The original early Christian basilica, located outside the walls, was demolished in 1553 due to defensive needs declared by the Spanish central government.

Between 1577 and 1590, the ruling class of Novara began the reconstruction of the patronal church within the walls, on the site of the ancient church of San Vincenzo.

The design of the building, on a Latin cross plan, is attributed to Pellegrino Tibaldi, the favourite architect of St. Charles Borromeo.

The six chapels along the single nave are among the most significant expressions of Novarese art. The Buona Morte chapel, completed before 1620, is of particular interest, with works by Guglielmo Caccia, known as “il Moncalvo”, and Pier Francesco Mazzucchelli, known as “il Morazzone”, as is the Angelo Custode chapel, painted by Tanzio da Varallo.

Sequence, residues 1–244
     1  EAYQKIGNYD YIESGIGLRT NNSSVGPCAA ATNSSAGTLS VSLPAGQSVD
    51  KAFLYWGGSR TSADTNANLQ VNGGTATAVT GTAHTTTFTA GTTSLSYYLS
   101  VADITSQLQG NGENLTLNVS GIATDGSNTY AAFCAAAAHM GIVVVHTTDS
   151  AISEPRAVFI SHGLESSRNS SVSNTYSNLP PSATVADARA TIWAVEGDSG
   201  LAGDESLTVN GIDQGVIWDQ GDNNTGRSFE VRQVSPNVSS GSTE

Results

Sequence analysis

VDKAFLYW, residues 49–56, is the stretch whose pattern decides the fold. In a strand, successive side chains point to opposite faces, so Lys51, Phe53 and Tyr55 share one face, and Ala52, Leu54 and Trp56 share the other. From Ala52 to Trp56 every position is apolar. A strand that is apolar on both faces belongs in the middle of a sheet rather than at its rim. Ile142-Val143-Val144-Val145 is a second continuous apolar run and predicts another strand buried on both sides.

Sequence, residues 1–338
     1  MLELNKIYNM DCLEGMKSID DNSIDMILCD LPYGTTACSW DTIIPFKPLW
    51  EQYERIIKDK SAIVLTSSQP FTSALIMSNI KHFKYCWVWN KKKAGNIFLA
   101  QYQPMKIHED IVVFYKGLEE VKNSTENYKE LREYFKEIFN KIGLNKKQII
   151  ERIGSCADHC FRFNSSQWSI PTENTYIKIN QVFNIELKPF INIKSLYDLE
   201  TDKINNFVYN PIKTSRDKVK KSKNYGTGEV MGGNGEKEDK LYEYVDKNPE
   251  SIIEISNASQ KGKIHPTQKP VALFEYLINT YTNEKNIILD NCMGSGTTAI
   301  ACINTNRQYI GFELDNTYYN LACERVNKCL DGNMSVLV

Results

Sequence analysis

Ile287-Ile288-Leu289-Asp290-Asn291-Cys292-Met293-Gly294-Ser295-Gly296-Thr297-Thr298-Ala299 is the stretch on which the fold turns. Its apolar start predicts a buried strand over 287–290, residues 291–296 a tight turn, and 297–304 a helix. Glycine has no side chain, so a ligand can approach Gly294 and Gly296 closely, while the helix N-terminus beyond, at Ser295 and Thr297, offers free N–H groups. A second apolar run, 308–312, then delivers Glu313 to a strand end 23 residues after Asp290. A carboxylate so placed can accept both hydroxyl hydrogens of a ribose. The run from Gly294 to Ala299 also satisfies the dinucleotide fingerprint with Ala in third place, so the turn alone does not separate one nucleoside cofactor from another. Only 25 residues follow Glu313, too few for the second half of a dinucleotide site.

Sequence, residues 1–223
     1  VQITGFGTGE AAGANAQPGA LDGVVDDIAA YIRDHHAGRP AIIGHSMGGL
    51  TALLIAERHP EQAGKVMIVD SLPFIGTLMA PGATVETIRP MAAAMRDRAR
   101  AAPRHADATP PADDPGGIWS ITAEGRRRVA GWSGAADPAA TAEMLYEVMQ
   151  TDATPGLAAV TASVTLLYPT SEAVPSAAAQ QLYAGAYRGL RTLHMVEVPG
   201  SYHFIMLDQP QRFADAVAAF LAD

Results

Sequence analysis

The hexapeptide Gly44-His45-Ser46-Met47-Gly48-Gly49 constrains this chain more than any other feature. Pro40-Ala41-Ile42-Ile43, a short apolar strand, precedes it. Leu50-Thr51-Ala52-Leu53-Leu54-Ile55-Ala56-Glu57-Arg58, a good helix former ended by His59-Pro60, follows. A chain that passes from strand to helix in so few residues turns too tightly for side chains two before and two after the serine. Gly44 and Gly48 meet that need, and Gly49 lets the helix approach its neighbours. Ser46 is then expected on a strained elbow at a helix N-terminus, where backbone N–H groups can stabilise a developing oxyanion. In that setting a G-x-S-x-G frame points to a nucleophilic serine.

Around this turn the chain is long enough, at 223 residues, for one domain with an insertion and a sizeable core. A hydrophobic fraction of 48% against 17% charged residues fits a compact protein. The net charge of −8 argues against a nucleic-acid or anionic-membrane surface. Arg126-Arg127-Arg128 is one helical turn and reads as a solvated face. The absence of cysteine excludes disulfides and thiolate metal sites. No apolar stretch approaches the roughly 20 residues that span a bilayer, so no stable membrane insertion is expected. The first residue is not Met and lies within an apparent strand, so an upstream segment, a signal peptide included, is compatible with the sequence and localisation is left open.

The second chapel on the left features a polyptych by Gaudenzio Ferrari from the original basilica.

Other items of note in the rich interior include works by Paolo Camillo Landriani, known as “il Duchino”, the Della Rovere brothers, known as “i Fiammenghini”, and Stefano Maria Legnani, known as “il Legnanino”. He also painted the Glory of St. Gaudenzio in the “scurolo”, which was inaugurated in 1711. This elevated space, designed by the Ticinese architect Francesco Castelli, preserves the remains of the patron saint in a silver and crystal urn.

In the left transept, in front of the altar of Sant’Adalgiso, with an altarpiece by Palagio Palagi from 1833, stands a gilded copper statue of the Saviour made by Pietro Zucchi in 1888. It was originally intended for the top of the dome, where it is now replaced by a copy.